On Tuesday, the entire student body of the Baltimore Hebrew Day School came to see the exhibit, Zap, Pow, Bam and learned about the Jewish creators and illustrators of the early comic book heroes. The students also learned about the hero’s journey and compared that journey to heroes mentioned in the Bible.
On Wednesday, we welcomed high-school students from St. Francis Academy who came to participate in one of our core-programs – Introduction to Judaism – an exploration of Jewish history, religion, and culture that takes place in the historic Lloyd Street Synagogue (Maryland’s first synagogue, built in 1845) along with The Immigrant Experience – A tour of both the Lloyd Street and B’nai Israel (1876) Synagogues that focuses on Baltimore’s role as a vibrant gateway for Jewish immigrants and how these buildings are reflections of the diverse immigrant communities – including a Lithuanian Catholic congregation – that occupied them.
On Thursday, we welcomed a small group from the Calvary Christian Academy located in Cumberland, Maryland who also came to the JMM to participate in our Introduction to Judaism program and to learn about the creators and illustrators of the comic books of the Golden Age. Following their visit, to us, the group travelled over to the other side of the Inner Harbor to explore the Baltimore Museum of Industry.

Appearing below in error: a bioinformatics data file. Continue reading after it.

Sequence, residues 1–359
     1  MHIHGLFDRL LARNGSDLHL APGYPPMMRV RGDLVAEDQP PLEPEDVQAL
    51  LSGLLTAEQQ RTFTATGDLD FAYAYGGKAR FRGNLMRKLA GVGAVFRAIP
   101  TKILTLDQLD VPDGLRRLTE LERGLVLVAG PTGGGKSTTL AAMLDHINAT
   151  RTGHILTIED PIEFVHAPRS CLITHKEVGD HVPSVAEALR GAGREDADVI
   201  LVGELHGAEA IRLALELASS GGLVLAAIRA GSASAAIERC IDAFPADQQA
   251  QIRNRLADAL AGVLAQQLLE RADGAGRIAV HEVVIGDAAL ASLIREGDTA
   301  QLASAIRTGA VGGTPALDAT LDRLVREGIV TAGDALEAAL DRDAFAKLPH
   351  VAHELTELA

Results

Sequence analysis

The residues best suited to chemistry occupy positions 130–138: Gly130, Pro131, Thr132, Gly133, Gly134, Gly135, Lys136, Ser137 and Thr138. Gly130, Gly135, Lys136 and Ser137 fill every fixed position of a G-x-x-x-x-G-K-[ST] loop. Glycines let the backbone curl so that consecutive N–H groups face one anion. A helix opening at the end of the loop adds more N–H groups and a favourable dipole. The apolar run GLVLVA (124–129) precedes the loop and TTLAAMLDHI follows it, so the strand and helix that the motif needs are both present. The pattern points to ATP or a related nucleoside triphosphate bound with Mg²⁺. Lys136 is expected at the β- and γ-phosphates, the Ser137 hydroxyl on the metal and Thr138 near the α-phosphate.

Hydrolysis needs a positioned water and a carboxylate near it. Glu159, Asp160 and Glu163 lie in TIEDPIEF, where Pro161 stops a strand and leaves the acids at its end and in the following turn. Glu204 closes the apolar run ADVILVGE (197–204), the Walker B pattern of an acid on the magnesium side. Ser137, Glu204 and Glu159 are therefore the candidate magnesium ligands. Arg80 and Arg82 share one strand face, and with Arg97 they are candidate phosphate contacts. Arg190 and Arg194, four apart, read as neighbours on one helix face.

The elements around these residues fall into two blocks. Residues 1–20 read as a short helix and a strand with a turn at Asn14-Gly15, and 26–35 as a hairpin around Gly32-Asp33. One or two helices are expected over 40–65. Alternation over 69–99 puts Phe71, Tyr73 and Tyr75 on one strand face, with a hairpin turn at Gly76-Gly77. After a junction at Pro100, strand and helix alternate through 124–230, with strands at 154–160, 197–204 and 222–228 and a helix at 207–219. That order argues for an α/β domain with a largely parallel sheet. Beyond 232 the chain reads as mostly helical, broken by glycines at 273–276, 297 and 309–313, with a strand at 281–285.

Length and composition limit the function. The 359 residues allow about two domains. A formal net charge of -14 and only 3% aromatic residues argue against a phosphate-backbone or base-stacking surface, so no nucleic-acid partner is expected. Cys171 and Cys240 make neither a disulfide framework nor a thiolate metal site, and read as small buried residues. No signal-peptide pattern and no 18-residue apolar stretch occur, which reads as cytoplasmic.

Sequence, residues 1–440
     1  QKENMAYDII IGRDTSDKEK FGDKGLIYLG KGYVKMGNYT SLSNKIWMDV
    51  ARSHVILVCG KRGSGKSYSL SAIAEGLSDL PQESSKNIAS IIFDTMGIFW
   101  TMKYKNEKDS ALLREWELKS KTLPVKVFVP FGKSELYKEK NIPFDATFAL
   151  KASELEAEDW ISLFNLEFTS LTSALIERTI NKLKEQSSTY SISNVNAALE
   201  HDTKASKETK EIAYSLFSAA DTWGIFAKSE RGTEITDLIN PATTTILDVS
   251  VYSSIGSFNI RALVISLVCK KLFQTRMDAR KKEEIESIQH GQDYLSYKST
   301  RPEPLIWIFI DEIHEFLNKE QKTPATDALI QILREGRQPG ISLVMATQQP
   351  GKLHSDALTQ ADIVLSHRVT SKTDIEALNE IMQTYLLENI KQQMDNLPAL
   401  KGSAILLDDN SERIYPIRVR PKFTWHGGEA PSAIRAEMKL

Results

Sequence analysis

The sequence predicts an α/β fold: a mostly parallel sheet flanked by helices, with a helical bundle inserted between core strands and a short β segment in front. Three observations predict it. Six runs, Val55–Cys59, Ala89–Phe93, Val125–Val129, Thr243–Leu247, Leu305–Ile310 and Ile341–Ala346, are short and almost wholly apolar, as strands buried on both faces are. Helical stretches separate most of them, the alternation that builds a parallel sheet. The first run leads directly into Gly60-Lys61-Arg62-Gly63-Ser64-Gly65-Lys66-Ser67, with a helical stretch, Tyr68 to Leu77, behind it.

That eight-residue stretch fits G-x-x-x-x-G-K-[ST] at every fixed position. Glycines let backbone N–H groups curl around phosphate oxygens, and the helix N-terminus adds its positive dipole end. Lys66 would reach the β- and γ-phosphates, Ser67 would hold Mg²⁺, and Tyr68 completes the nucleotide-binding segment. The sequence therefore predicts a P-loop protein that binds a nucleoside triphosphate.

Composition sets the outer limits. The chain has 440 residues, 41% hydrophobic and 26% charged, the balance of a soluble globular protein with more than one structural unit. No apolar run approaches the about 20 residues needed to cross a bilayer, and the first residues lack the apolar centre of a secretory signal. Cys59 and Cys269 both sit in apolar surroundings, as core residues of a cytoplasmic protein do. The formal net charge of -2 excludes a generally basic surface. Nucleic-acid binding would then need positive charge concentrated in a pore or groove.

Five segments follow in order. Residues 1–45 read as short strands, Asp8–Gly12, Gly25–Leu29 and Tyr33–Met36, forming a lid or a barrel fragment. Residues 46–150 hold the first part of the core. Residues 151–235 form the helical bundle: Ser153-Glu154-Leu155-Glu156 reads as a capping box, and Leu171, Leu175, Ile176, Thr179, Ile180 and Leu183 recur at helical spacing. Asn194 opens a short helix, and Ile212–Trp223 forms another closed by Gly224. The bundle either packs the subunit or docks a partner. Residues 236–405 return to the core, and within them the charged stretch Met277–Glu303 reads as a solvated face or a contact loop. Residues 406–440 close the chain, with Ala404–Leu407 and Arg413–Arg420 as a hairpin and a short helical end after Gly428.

Finally, on Friday, we welcomed over 100 fourth graders from Hamilton Elementary who also come to the JMM to learn about the synagogue buildings and the immigrant groups that used them. After their experience at the Museum, the students and their teachers walked over to one of the local delicatessens to enjoy a good old corned beef sandwich on Lombard Street! All in all over 250 students and adults visited the JMM to participate in our education programs!